9. Shiki Shinsako (Sera H.S.) - 14:23.48
10. Atsushi Yamato (Aichi H.S.) - 14:23.99

Girls' 3000 m Qualifiers
Shinobu Koyoshikawa (Sera H.S.) - 9:21.81 (Heat 3)
Mina Kato (Hakuoh Joshi H.S.) - 9:21.84 (Heat 3)
Airi Tanaka (Asahikawa Ryukoku H.S.) - 9:21.90 (Heat 3)
Nao Yamamoto (Tokiha Gakuen Kikugawa H.S.) - 9:21.92 (Heat 3)
Harumi Okamoto (Tokiwa H.S.) - 9:22.98 (Heat 1)
Kureha Seki (Ritsumeikan Uji H.S.) - 9:23.26 (Heat 1)
Mariam Waithera (Sendai Ikuei H.S.) - 9:23.30 (Heat 2)
Kaede Mikada (Hanawa H.S.) - 9:23.59 (Heat 1)
Kanako Yahagi (Aomori Yamada H.S.) - 9:23.82 (Heat 1)
Yuri Nozoe (Kamimura Gakuen H.S.) - 9:23.88 (Heat 1)
Nodoka Aoki (Mashita Seifu H.S.) - 9:24.29 (Heat 2)
Monica Margaret (Aomori Yamada H.S.) - 9:24.61 (Heat 3)
Kyoka Nakagawa (Kumamoto Shinai Joshin Gakuin H.S.) - 9:24.83 (Heat 3)
Kyoko Tokunaga (Shimahara H.S.) - 9:26.66 (Heat 1)
Yuka Kobayashi (Tokiwa H.S.) - 9:27.33 (Heat 2)
Miyu Hatakeyama (Yamanashi Gakuin Prep H.S.) - 9:27.41 (Heat 1)
Kanako Takemoto (Saikyo H.S.) - 9:27.43 (Heat 2)
Misato Kagayama (Osaka Kunei Joshi Gakuin H.S.) - 9:27.45 (Heat 2)

Boys' 800 m Final
1. Renya Maeda (Funabashi Municipal H.S.) - 1:51.59
2. Haruki Nishimura (Nishiwaki Kogyo H.S.) - 1:52.15
3. Tomoya Ogawa (Soyo H.S.) - 1:52.38
4. Motoki Nabeshima (Katsura H.S.) - 1:52.43
5. Ryusei Sakuraoka (Morioka Minami H.S.) - 1:52.80
6. Kenta Masuda (Hokuriku H.S.) - 1:53.04
7. Koei Kobayashi (Toyo Prep Ushiku H.S.) - 1:53.49
8. Suguru Otaguro (Taragi H.S.) - 1:53.73

Girls' 800 m Final
1. Hina Takahashi (Nishiwaki Kogyo H.S.) - 2:08.71
2. Haruko Ishizuka (Higashi Osaka Prep Keiai H.S.) - 2:09.61
3. Tomoka Mukai (Shigakukan H.S.) - 2:09.80
4. Nana Kuraoka (Kagoshima Joshi H.S.) - 2:09.85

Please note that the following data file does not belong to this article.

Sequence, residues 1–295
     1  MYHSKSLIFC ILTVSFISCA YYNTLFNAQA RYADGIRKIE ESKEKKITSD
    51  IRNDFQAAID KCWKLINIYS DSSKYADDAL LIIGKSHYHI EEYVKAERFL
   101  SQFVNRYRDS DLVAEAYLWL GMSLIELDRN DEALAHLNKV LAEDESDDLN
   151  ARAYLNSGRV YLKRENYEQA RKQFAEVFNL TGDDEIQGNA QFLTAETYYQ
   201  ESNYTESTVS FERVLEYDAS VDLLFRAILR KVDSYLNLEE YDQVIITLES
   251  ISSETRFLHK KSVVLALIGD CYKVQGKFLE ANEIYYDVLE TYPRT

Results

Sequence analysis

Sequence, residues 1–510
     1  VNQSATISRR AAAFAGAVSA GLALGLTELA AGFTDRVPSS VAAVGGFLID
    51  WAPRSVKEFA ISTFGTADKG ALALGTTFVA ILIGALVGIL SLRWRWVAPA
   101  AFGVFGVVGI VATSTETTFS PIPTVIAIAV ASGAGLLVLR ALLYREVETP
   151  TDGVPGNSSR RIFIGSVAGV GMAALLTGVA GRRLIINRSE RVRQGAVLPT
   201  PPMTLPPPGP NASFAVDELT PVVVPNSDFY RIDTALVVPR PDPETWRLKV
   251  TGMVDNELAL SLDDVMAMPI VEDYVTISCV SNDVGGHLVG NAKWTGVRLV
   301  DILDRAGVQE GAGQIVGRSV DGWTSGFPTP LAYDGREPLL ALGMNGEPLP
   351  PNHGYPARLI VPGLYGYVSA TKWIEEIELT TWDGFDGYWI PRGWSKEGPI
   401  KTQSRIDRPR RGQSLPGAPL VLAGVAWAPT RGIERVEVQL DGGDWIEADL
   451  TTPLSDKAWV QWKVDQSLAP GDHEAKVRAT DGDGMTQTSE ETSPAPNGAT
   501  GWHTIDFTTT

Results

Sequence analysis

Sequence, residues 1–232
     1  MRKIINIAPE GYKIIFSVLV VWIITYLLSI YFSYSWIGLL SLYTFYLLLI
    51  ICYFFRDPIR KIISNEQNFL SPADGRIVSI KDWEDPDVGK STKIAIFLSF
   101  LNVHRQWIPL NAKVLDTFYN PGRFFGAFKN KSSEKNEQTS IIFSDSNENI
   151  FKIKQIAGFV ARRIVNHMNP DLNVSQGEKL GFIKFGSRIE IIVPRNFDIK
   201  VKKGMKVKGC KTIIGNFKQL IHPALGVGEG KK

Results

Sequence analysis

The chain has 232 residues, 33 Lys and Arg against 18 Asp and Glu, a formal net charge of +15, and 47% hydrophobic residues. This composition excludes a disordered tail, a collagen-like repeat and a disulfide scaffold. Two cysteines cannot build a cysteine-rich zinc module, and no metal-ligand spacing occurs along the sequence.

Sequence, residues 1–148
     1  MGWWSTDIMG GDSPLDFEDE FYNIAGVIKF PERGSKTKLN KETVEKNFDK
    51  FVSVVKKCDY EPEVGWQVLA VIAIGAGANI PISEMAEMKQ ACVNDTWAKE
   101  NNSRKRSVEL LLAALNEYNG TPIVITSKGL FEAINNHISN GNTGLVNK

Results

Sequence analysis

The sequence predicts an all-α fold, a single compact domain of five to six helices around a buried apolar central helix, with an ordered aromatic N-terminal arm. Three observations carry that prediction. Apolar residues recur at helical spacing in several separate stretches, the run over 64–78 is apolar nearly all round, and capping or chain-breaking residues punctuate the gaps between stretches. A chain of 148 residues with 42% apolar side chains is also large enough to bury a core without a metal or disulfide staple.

5. Masumi Okuda (Tokyo H.S.) - 2:10.22
6. Mina Ueda (Narita H.S.) - 2:10.54
7. Airi Hagiwara (Niijima Gakuen H.S.) - 2:11.01
8. Sae Shuto (Oita Nishi H.S.) - 2:11.16

Boys' 200 m Final -1.6
1. Kyosuke Konno (Soyo H.S.) - 21.08
2. Hakim Sunni Brown (Josai H.S.) - 21.21
3. Jun Yamashita (Fukushima H.S.) - 21.27
4. Hirotaka Takamatsu (Hokkaido Shogyo H.S.) - 21.38
5. Shunto Nagata (Isahaya H.S.) - 21.40
6. Kenta Oshima (Tokyo H.S.) - 21.47
7. Koki Mogami (Morioka Minami H.S.) - 21.58
8. Shunya Kawabe (Hosei Prep Daini H.S.) - 21.66

Girls' 200 m Final -0.5
1. Seika Aoyama (Matsue Shogyo H.S.) - 23.86
2. Kotomi Eguchi (Shohei H.S.) - 24.21
3. Hinako Sato (Sakata Minami H.S.) - 24.22
4. Tomomi Kawamura (Morioka Daiichi H.S.) - 24.54
5. Risa Akita (Seiryo H.S.) - 24.54
6. Akari Masunaga (Nagareyama H.S.) - 24.56
7. Mizuki Kajiura (Aichi H.S.) - 24.75
8. Sayaka Shibayama (Shigakukan H.S.) - 24.75

Boys' High Jump
1. Yuji Hiramatsu (Shijoyo H.S.) - 2.19 m
2. Shuichi Matsumoto (Isahaya Nogyo H.S.) - 2.16 m
3. Kentaro Kato (Suzuka Kogyo H.S.) - 2.10 m
4. Takeshi Kamibeppu (Kagoshima Shogyo H.S.) - 2.10 m
5. Kiyosuke Nakajima (Anjo Gakuen H.S.) - 2.07 m

Girls' Long Jump
1. Rei Mizuguchi (Shiraume H.S.) - 6.14 m +1.9
2. Yumi Uchinokura (Konan H.S.) - 6.03 m -0.1
3. Kanon Hamamoto (Himeji Shogyo H.S.) - 5.89 m +1.0
4. Yukino Tanaka (Saitama Sakae H.S.) - 5.84 m +0.8
5. Miki Takeshima (Nagasaki Nishi H.S.) - 5.84 m +0.9

Boys' Javelin Throw
1. Shu Mori (Imabari Meitoku H.S.) - 72.18 m
2. Ayumu Ishiyama (Hanazono H.S.) - 69.68 m
3. Kensei Hanada (Jiyugaoka H.S.) - 67.29 m
4. Tatsuya Sakamoto (Ichinomiya Minami H.S.) - 66.02 m
5. Atsushi Kawano (Miyazaki Kogyo H.S.) - 65.74 m

Girls' Heptathlon
1. Meg Hemphill (Kyoto Bunkyo H.S.) - 5519 - Jr. NR, HS NR, MR
2. Konoka Takahashi (Shiraume H.S.) - 5118
3. Tomomi Nono (Saikyo H.S.) - 5079
4. Juri Sawada (Shiraume H.S.) - 5018
5. Azusa Ueno (Koku Gakuin Prep Tochigi H.S.) - 4921